The OCC, Banks and the Federal Courts
I don't normally blog about court decisions, but in 2015, the United States Court of Appeals, in a case referred to as “Madden,” tossed a monkey wrench into the ability of banks to sell loans. Before Madden, if the interest rate on a loan was valid when it was made, then the interest rate remained valid even after it was sold. Thus, before Madden, if a bank legally made a loan at 12% interest, and then sold it to a non-bank that was not permitted to lend at more than 10%, the 12% rate continued to be valid. Madden ignored this and held that a purchaser of deeply discounted credit card debt was not permitted to enforce the contract interest rate that the national bank lender was permitted to charge.
On November 21, the Office of Comptroller of the Currency proposed a regulation clarifying that a loan that was valid when made by a national bank or federal thrift continued to be valid after it was sold. The FDIC is expected to issue a similar clarification with respect to state-chartered banks.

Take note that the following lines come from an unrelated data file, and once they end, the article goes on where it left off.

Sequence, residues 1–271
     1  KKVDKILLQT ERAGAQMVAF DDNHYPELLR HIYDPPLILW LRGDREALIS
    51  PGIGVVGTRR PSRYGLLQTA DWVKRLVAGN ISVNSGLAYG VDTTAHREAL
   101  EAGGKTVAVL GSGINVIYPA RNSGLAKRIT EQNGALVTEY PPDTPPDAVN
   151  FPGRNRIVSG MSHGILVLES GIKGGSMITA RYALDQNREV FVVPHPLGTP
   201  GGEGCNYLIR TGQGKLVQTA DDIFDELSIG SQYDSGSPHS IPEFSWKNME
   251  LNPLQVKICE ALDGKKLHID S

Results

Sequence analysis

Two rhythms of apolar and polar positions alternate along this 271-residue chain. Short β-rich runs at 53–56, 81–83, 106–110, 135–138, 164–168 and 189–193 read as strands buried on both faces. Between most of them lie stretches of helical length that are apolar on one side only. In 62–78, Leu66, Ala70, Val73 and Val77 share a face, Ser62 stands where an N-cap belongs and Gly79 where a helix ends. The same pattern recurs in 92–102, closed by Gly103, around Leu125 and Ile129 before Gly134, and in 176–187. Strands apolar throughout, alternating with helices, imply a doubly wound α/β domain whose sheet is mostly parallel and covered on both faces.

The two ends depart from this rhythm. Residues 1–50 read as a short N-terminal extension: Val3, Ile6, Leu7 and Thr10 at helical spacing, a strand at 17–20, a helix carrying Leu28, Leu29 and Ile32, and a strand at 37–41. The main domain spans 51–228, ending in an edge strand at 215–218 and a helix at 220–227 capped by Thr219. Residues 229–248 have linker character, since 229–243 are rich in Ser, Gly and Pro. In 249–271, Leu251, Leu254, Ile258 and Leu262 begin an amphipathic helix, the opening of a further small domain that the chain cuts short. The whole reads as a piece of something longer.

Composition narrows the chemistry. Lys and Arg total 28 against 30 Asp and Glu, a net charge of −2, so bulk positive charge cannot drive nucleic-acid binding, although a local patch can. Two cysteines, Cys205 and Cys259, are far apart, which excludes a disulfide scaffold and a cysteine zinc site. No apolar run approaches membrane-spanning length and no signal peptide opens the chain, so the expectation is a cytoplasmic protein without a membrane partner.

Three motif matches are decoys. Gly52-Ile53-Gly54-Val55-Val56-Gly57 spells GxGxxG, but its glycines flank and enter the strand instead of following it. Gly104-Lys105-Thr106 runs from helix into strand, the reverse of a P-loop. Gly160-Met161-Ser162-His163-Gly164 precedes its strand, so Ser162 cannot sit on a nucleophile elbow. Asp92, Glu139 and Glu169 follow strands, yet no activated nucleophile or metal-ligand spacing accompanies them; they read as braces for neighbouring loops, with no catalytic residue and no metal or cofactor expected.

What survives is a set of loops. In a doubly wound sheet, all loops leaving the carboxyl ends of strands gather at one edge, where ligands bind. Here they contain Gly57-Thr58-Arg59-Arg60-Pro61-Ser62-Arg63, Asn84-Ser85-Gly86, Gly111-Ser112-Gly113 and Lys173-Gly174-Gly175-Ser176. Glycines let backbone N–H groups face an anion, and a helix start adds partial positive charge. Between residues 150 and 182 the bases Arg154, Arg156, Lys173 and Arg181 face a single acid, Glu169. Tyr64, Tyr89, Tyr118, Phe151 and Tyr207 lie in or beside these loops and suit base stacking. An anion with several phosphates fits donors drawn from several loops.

The right to sell loans without usury worries is obviously important to banks because it facilitates liquidity and can be an important source of noninterest income. Although low-interest rates these days have temporarily consigned usury to the back burner, we remember the early 1980s when the prime rate exceeded 20%, and usury exemptions were important for banks.
Today’s Takeaway? There is a comment period for the OCC proposal. We urge lenders to submit comments in favor of the regulation prior to the January 21, 2020 deadline. Comments may be emailed to email@example.com. You must refer to the OCC and “Docket ID OCC-2019-0027” in your comment letter. Please remember that all comments, without any editing, are made public, so be respectful and do not include any confidential information.